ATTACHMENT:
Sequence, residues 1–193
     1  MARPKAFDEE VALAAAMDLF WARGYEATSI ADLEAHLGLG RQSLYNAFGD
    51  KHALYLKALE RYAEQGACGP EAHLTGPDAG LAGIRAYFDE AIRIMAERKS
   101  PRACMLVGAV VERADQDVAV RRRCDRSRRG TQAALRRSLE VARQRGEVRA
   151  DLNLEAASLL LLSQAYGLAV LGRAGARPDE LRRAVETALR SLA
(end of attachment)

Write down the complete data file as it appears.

Sequence, residues 1–193
     1  MARPKAFDEE VALAAAMDLF WARGYEATSI ADLEAHLGLG RQSLYNAFGD
    51  KHALYLKALE RYAEQGACGP EAHLTGPDAG LAGIRAYFDE AIRIMAERKS
   101  PRACMLVGAV VERADQDVAV RRRCDRSRRG TQAALRRSLE VARQRGEVRA
   151  DLNLEAASLL LLSQAYGLAV LGRAGARPDE LRRAVETALR SLA